The standard of classes, as I assess it, was high. The teachers invested maximum effort, devotion and goodwill in teaching Hebrew. There were no suitable textbooks in Hebrew, however, so they translated from other languages, mainly from Polish. There were likewise no pedagogical journals or teaching aids. The teachers worked day and night to find suitable matter and translate it into Hebrew.

 

The School Library

Next to the school was a library with 1,000 books. It wasn't easy for us to accumulate enough money to erect the library. Persky, the teacher, was director of the library for many years. He did not offer his services for the sake of receiving a high salary and he worked with devotion and strictness.

The students exchanged books twice a week and the library was busy with children after school hours as well. It gladdened the heart to see them sharing the lists of books they had read, how they recommended to each other a good book. I loved to go to the school at these hours to listen to their ideas. I cannot forget these holy moments.

 

The Newspaper on the Wall

Every two weeks a newspaper appeared on the wall at the school. The newspaper played an educational-pedagogical role: to teach the child to read, to know what was going on in his environs, at school, in town and in the world and mainly in Eretz-Israel, and to develop expression in writing.

The newspaper was managed with responsibility, consistency and with much talent by the teacher, Yaakov Shmulovitz. The richest section was about the events in Eretz-Yisrael, which was the essence of our lives. Children always stood close and with fascination next to this section. It was possible to read in their eyes the happiness on every achievement in Israel and the deep sadness with every failure or tragedy.

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The editorial board of the “Tarbut” School newspaper:
Sitting from right to left: Golda Sonnenzon, Berel Solodocha, Shimon Yankelevitz, Esther Levin, Rachel Shlimonovitz, Yitzchak (Itsche) Payvoshvitz, Rita Aharonovski, Gittel Movshovitz.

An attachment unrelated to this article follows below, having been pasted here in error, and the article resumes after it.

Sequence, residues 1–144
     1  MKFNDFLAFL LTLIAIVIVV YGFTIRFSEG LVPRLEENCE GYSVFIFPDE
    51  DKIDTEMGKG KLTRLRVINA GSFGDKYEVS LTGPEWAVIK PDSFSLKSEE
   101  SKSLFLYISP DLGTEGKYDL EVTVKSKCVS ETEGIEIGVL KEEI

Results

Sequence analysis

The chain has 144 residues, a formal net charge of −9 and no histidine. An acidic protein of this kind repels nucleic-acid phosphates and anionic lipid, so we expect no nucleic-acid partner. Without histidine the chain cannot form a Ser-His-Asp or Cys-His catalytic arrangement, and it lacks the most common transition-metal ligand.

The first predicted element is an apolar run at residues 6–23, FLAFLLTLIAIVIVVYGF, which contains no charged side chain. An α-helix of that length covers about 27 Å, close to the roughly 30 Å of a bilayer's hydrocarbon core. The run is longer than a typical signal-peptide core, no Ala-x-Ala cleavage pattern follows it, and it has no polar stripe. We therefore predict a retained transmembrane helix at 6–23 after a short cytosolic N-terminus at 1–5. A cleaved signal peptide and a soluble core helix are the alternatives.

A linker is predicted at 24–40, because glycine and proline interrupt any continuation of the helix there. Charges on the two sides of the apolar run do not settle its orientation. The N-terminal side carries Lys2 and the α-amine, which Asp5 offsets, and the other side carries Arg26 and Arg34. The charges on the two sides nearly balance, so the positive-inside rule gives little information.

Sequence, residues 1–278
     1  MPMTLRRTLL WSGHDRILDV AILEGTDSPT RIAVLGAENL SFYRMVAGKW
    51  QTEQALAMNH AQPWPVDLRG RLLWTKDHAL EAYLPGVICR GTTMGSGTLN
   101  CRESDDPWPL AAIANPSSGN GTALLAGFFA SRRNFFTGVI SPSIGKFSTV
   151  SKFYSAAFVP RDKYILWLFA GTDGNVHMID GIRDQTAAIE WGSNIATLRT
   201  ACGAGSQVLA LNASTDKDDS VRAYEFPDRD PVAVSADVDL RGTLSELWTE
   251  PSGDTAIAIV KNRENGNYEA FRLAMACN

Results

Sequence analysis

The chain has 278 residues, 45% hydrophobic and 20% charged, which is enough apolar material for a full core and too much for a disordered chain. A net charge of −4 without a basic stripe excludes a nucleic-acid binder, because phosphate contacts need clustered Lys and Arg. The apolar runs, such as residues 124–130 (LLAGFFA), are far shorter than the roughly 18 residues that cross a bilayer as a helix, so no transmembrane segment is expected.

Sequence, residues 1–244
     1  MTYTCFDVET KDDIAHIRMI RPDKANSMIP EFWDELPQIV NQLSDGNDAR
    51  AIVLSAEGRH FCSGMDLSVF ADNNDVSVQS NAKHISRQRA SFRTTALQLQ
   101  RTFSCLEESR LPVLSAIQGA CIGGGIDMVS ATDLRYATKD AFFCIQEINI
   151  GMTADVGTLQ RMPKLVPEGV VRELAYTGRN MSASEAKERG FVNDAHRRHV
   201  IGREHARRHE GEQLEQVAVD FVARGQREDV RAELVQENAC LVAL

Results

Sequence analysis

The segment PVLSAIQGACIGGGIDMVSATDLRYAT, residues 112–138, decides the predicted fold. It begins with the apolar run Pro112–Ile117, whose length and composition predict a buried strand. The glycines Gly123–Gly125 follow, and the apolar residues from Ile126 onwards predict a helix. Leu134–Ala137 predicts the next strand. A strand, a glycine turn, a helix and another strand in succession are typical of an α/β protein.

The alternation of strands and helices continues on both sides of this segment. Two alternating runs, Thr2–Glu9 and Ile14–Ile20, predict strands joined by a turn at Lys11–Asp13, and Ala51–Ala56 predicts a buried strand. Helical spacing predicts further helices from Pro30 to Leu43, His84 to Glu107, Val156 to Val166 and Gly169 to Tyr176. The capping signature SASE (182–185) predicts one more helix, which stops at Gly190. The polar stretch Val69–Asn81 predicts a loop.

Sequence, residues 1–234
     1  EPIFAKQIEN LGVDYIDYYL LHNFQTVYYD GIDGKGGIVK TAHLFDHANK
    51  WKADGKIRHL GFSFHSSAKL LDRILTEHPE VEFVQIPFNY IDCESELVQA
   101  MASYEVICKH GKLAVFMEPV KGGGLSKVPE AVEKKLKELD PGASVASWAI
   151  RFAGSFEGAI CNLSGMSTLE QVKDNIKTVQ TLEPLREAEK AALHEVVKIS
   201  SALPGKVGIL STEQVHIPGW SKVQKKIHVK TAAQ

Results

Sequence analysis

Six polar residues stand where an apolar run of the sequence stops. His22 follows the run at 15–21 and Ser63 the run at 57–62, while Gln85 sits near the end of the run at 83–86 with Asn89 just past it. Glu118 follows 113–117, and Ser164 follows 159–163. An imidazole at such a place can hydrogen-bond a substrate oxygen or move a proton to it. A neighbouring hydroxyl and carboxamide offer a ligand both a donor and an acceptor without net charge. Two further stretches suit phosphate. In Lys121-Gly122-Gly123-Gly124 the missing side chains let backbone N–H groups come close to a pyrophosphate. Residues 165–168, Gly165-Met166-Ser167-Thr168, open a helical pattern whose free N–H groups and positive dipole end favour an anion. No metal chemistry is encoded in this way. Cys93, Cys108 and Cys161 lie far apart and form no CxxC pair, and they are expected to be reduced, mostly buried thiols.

Teachers standing: Alter Shmulovitch and Haim Persky

 

Work of the Keren-Kayemet ( Jewish National Fund) in the School

The work of the Keren-Kayemet in the school was directed with great enthusiasm, devotion and inspiration by the teacher, Chana Tzin-Dichter. The Keren-Kayemet served as a cornerstone for national education. The value of the land to the people and the ideas that the land would not be sold permanently found an echo of trust in the hearts of the pupils. Every new acquisition in Eretz-Israel was enthusiastically received and increased donations. In every class there was a JNF Corner and the Blue Box stood in its centre. Every good deed was marked by a donation: a good mark - a donation; finishing a book - a donation; an event in the child's life such as a birthday - a donation; bar-mitzvah - a donation; birth of a brother or sister - a donation, etc. I would like to tell you of a special event which indicates the spirit that beat in the children's hearts:

One of the pupils at the school was a boy named Hillel-Yaakov or, as he was called, Hillel-Yankel, the son of Mordechai Baer. He was a child without a mother, and his father was a beggar who would only return home twice a year, for Passover and the High Holy Days. Residents of the town looked after the child: as was customary in those days, the boy would eat “yamim” (days) - every day at a different home. One of the women would look after him: where he would sleep and eat, making sure he was bathed and that his clothes washed and mended. The fact that he could never donate to the Keren Kayemet bothered the little boy, and when the children went up to give their donations one by one, Hillel-Yankel would remain sitting ashamed in his seat. The teacher, who felt his sorrow, offered him a loan of several “prutot” so that he could also donate, but Hillel-Yankel didn't agree. “What's the big deal?”, he said. “It's your money”. One Friday, Hillel-Yankel came to class with shining eyes. “I, too, have a contribution to the Keren-Kayemet today. I'm donating too.” When the teacher asked him where he got the money from, he refused to disclose. During the last lesson, when the children went out to give their donations, the teacher invited him to be the first to go. With an uplifted head, he went out and donated all his property, 5 “grush“, and all the class applauded him, which delighted the child. Afterwards, the story came out: the woman at whose place he ate on Fridays was busy the same morning and had given him 5 “grush” to buy a bread roll. The boy, however, preferred to conquer his hunger and give a donation to the KK”L. The story of Hillel-Yankel and his donation reached the ears of the writer Tzvi Liberman from Nahalal, who was an emissary to Poland at that time, and he perpetuated the story in his book, “The Young Planter”. We received two books from the author, and the teacher, Chana, gathered the children from several classes, including Hillel-Yankel, and read them the story. The child wept from pleasure.